Few decisions by the Therapeutic Goods Administration (TGA) in recent times have generated as much of a response from the media, the medical profession, the pharmacy sector, and the public, as the TGA's decision that from 1 February 2018, all medicines containing codeine will require a prescription from a medical practitioner.
Like many other medical organisations, the Rural Doctors’ Association of Australia (RDAA) has strongly supported the TGA's decision to require a prescription for all codeine products in the interests of patient safety, and we strongly welcome the Federal Government's resolve in implementing the decision.
There is significant evidence on the dangers of misusing codeine, and on the ease with which patients can become addicted to codeine.
In a recent media release, Professor Ann Roche, Director of the National Centre for Education and Training on Addiction (NCETA) at Flinders University, warned that regular use of codeine could lead to addiction and serious health consequences.
And at the recent Rural Medicine Australia 2017 conference, jointly hosted by RDAA and the Australian College of Rural and Remote Medicine, the TGA's Chief Medical Adviser, Adjunct Professor Tim Greenaway, outlined the decision to up-schedule codeine, the evidence to support this, and the impact for rural and remote Australians. The TGA website provides detailed information at www.tga.gov.au/codeine-info-hub.
While the issue of access to doctors (and hence prescriptions for codeine) after-hours in rural towns has been raised by some opponents of the change, I know from personal experience that in many rural communities the local pharmacist does not work extended trading hours as they are often a solo practitioner.
Additionally, in a large number of remote towns there is no local pharmacy, and either the GP dispenses medication, or nurse clinics are the dispensary for medications and already need to liaise with doctors for an order/prescription.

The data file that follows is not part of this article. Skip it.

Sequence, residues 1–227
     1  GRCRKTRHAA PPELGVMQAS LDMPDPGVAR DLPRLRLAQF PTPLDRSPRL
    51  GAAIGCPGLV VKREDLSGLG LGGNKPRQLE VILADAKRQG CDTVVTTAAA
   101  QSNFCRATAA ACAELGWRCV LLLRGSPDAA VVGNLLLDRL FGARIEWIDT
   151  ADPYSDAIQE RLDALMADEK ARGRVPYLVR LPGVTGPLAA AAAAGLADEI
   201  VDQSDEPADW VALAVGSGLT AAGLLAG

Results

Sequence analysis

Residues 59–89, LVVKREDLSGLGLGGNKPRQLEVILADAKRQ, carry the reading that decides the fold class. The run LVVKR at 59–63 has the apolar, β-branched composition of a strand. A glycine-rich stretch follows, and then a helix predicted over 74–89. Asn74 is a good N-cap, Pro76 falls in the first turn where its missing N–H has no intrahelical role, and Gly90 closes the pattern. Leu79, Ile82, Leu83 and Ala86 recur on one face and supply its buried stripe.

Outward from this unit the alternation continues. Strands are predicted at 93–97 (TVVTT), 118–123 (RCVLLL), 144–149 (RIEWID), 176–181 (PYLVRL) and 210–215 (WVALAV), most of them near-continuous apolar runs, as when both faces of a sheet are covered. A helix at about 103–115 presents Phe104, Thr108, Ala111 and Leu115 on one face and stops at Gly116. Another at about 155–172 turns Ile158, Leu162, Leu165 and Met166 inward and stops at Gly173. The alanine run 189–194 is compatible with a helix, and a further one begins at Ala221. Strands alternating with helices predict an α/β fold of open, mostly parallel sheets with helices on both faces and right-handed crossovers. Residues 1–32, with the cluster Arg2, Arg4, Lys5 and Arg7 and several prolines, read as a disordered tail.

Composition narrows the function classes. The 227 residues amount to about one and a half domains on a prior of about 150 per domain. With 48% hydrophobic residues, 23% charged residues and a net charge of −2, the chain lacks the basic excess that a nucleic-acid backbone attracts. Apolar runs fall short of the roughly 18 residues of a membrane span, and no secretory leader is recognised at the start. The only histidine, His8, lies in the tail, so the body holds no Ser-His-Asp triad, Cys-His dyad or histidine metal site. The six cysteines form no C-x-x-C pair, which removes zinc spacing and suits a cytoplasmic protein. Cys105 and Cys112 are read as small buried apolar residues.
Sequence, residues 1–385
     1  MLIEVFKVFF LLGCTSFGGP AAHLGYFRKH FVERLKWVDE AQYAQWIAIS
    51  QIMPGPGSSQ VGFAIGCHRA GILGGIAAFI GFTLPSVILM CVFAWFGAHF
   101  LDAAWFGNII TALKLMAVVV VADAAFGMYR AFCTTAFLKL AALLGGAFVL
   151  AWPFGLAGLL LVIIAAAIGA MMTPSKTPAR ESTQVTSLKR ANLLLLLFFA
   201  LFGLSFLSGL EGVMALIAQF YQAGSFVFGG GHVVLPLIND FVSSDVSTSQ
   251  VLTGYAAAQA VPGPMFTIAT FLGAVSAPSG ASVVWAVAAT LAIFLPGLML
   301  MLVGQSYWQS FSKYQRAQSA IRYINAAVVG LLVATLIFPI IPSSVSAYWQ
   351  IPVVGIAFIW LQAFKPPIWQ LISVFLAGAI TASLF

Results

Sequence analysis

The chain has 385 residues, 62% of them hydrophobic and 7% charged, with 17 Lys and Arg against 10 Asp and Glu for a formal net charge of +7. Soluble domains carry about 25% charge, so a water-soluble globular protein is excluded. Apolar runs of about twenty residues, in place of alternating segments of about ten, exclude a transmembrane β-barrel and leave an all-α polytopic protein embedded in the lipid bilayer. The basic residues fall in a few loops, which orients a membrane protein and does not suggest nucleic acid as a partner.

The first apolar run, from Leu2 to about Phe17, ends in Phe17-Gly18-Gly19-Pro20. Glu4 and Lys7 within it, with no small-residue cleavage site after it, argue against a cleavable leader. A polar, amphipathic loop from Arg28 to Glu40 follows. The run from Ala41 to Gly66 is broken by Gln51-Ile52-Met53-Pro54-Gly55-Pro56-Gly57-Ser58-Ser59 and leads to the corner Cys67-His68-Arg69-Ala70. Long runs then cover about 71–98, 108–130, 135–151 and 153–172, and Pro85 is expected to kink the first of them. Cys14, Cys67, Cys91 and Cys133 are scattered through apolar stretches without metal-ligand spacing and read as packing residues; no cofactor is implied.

It has also been argued that, in towns where there is no doctor or a doctor shortage, patients may not be able to access codeine for temporary acute pain associated with conditions like headache, toothache or menstrual pain.
RDAA believes, however, that it is more important that rural patients are properly assessed by a doctor rather than being given or taking codeine for a condition that may not require it. In many cases, there may be alternative medicines that are just as effective, with lower risk for the patient.
Rural and remote towns have a bigger issue in relation to codeine — that being the difficulties in ensuring access to healthcare services for patients who have an addiction to, or other health related issues resulting from, the regular use of codeine (or the long term use of high doses of paracetamol or ibuprofen, with which codeine is combined) such as liver damage, internal bleeding, and many others.
The RDAA is committed to ensuring health professionals and their patients in rural and remote communities are fully informed in preparation for the change.
The Federal Minister for Health, Greg Hunt MP, has announced additional funding for resources and education on codeine up-scheduling to be developed by RDAA in collaboration with ACRRM, CRANAPlus and the National Rural Health Alliance.
In addition to the resources we develop at a national level, we will also provide information that has been developed at a state level. We will be sharing this not only with RDAA members but with all health professionals working in rural and remote communities.
The Tasmanian Department of Health and Human Services has already commenced its preparations for the introduction of codeine up-scheduling, and further information for Tasmanian health professionals is available at www.rdaa.com.au/rdatasresources/current-issues.
We very much look forward to working with the Federal Government and health sector stakeholders to deliver a safer era for codeine use in Australia.
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